TLX101 (formerly ACD-101) is a small molecule (4-Iodophenylalanine), radioactively labeled with either 123I for SPECT imaging, 124I for PET imaging or 131I for therapy. These molecules target glioma. Orphan drug status for glioma diagnosis was granted to 123I-ACD-101 by EMA in 2006. Orphan drug status for glioma therapy was granted to 131I-ACD-101 in 2006 by the EMA and in 2011 by the FDA.
TLX-101 is a cytostatic molecule with an intrinsic radio-sensitizer effect, increasing the biological effect of external field radiation (current standard therapy for brain tumors). When radiolabeled with 131I the molecule conveys an intracellular toxic effect. TLX-101 easily crosses the intact blood–brain barrier into tumor tissue where it is retained for several days. Intratumoral accumulation of TLX-101 occurs independently from histological tumor type in low- and high-grade gliomas alike (WHO grades II–IV).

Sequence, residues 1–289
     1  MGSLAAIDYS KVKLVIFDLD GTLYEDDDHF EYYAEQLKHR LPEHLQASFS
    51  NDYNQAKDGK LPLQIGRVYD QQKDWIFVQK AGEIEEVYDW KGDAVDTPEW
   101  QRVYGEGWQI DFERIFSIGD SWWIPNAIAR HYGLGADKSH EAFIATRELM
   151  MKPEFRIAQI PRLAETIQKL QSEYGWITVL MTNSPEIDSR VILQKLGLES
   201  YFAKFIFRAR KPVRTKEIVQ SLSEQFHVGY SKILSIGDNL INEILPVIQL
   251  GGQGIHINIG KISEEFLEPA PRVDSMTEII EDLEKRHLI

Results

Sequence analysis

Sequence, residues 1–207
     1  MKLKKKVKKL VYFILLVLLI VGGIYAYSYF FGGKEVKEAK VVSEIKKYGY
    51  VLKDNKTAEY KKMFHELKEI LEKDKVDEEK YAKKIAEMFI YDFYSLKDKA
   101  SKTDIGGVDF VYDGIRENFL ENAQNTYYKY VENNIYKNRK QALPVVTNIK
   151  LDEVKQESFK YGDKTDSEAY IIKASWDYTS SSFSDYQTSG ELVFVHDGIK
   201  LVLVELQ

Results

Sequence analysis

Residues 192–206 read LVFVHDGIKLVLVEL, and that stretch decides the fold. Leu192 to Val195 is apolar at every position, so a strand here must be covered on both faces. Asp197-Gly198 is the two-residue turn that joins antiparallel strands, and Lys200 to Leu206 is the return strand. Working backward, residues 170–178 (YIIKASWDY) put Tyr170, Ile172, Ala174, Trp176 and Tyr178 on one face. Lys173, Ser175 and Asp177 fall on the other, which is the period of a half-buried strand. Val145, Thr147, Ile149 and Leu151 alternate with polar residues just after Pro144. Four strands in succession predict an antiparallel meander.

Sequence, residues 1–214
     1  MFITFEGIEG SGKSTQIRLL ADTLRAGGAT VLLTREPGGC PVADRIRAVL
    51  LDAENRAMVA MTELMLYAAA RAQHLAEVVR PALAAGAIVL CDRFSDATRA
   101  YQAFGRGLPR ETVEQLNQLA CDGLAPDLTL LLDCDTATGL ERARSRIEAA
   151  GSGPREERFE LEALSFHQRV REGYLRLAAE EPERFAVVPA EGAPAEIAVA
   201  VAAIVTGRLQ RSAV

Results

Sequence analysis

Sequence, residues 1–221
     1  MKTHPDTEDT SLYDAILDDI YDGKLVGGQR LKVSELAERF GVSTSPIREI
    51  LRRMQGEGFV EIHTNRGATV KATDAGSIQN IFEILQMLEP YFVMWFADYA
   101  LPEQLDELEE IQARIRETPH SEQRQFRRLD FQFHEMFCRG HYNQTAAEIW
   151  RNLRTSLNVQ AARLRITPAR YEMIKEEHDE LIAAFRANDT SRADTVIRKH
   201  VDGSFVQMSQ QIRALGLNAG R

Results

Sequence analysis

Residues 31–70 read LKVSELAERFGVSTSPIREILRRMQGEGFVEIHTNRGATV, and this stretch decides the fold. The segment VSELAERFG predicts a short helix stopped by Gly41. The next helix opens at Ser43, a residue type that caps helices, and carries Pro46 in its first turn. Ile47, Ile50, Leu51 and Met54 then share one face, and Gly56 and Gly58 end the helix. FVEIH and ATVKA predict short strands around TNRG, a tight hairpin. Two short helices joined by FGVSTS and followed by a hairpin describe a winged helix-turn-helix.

123I-TLX-101 and 131I-TLX-101 have entered Phase I clinical trials. 123I-TLX-101 has been successfully evaluated in over 100 patients. 131I-TLX-101 showed a sustained reduction of tumor volume. The patient was still alive 3.5 years after first treatment and no further treatment option. By September 2018, an international multi-center, open-label phase I/II dose ranging study to evaluate the safety, tolerability, dosing schedule and preliminary efficacy of 131I-TLX101 was initiated in patients with recurrent glioblastoma multiforme in conjunction with external radiotherapy (XRT) (clinical trial design IPAX-1). Enrollment is expected to be completed by end of 2020 and study to be completed by end of 2021.
Leading Emitter: beta electrons (β–)